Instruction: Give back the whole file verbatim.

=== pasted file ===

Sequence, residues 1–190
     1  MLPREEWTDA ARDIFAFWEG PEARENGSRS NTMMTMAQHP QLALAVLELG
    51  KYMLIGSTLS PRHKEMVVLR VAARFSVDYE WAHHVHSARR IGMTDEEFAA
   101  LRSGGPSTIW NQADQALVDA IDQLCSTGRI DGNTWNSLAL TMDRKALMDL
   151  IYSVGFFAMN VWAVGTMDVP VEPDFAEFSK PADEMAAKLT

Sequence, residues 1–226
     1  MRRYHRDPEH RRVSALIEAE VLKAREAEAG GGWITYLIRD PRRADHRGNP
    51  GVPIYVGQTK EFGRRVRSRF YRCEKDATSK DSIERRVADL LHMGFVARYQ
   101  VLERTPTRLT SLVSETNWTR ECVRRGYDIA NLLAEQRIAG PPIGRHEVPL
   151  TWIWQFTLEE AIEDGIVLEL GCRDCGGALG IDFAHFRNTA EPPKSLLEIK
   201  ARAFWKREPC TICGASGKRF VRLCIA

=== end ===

Sequence, residues 1–190
     1  MLPREEWTDA ARDIFAFWEG PEARENGSRS NTMMTMAQHP QLALAVLELG
    51  KYMLIGSTLS PRHKEMVVLR VAARFSVDYE WAHHVHSARR IGMTDEEFAA
   101  LRSGGPSTIW NQADQALVDA IDQLCSTGRI DGNTWNSLAL TMDRKALMDL
   151  IYSVGFFAMN VWAVGTMDVP VEPDFAEFSK PADEMAAKLT

Sequence, residues 1–226
     1  MRRYHRDPEH RRVSALIEAE VLKAREAEAG GGWITYLIRD PRRADHRGNP
    51  GVPIYVGQTK EFGRRVRSRF YRCEKDATSK DSIERRVADL LHMGFVARYQ
   101  VLERTPTRLT SLVSETNWTR ECVRRGYDIA NLLAEQRIAG PPIGRHEVPL
   151  TWIWQFTLEE AIEDGIVLEL GCRDCGGALG IDFAHFRNTA EPPKSLLEIK
   201  ARAFWKREPC TICGASGKRF VRLCIA